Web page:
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    Recent Read: The Sisters of Reckoning

    TL,DR: The Sisters of Reckoning is a fantastic follow-up to Charlotte Nicole Davis’ The Good Luck Girls. A wonderful combination of action, hope, tension, and deep emotion. There’s no need to re-read TGLG if your memory is spotty, but newbies to the series should start with Book 1. Many thanks to NetGalley and Tor Teen for an ARC of this book. I finished The Sisters of Reckoning with tears in my eyes. This book was an emotional rollercoaster in the best way possible; while I usually try predicting what a writer’s up to, here, I was happy to be along for the ride. I’d forgotten much of The Good Luck…

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    Recent Read: She Who Became the Sun

     TL;DR: She Who Became the Sun is an amazing work of historical fantasy reminiscent of Mulan crossed with A Song of Ice and Fire. A young girl assumes the identity of her dead brother, for whom a fortune teller had seen a great future; we follow her rise through the political landscape of 14th-century China. It’s out TODAY (July 20th). Run (don’t walk!) to the bookstore and grab a copy now – you won’t regret it! Thanks to Tor Books and NetGalley for an ARC of this book. — When I was about a third the way through “She Who Became the Sun” by Shelley Parker-Chan, I preordered it for my…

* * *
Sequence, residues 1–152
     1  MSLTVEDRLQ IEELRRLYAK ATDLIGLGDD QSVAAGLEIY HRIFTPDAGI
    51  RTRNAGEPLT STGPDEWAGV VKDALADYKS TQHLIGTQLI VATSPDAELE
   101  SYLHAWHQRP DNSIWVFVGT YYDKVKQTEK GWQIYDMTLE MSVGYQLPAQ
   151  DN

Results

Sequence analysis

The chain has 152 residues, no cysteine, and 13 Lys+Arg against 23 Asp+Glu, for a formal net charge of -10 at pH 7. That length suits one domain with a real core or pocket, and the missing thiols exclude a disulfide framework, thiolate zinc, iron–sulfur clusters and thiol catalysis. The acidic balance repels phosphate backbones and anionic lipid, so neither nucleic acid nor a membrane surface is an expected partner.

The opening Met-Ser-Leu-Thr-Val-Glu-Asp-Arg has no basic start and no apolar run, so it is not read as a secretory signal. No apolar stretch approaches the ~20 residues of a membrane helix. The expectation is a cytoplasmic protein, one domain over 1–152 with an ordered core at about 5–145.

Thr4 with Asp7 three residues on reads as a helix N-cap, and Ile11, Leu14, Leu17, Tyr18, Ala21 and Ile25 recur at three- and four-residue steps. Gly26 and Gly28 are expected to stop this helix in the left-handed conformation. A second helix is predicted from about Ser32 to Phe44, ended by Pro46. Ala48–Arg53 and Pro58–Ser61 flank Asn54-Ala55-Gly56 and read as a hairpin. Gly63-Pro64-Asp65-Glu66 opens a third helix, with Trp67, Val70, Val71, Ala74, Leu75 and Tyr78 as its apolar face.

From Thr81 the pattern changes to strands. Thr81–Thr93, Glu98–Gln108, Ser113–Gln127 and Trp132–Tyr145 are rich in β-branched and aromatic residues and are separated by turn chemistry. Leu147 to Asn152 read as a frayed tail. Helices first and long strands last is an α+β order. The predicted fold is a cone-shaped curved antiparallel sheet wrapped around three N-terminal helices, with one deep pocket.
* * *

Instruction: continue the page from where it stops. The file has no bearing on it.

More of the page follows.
• ARC,  Fiction,  Reading,  Review

    Recent Read: First, Become Ashes

     [TL;DR] First, Become Ashes is a faced-paced cult escape fantasy story. Caveat: this book contains extremely graphic scenes of rape and self-harm among other CWs. I received a copy of this book from NetGalley and Tor.Com in exchange for an honest review. Before we begin: I’m not covering nearly all of the content warnings required for this book; those at the front (at least at the time of reading the ARC) were far too vague. Here’s a list that seems fairly comprehensive to me. This review does not go into any details on potentially triggering subject matter. I requested this book on NetGalley partially because the premise was fascinating to me (more…

  • Fiction,  Reading,  Review

    Recent Read: The Unbroken

     TL;DR The Unbroken is a breathtaking anticolonial epic fantasy. Set in a second world echoing the French occupation of North Africa, the book explores war, politics, colonialism, love, trust, and belonging. It comes out March 23 and you’re going to want to read it ASAP. Here’s the first two chapters in case you already can’t wait: https://www.orbitbooks.net/orbit-excerpts/the-unbroken-by-c-l-clark/  Thank you to NetGalley and Orbit for providing an ARC in exchange for a fair review. Listen: in full transparency, I requested this book for the cover. Sure, people Tweeted about how great it is, but I’ve read a lot of great fantasy (and a lot of fantasy that was supposed to be great…

  • Gaming,  Review

    Oxenfree

    TL;DR: Oxenfree is a great game for those who want an interactive story with gorgeous art, excellent voice acting, and a truly remarkable atmosphere. For just $10, it provides more than its money's worth in emotional heft and loveliness.

  • ARC,  Fiction,  Reading,  Uncategorized

    Nothing But Blackened Teeth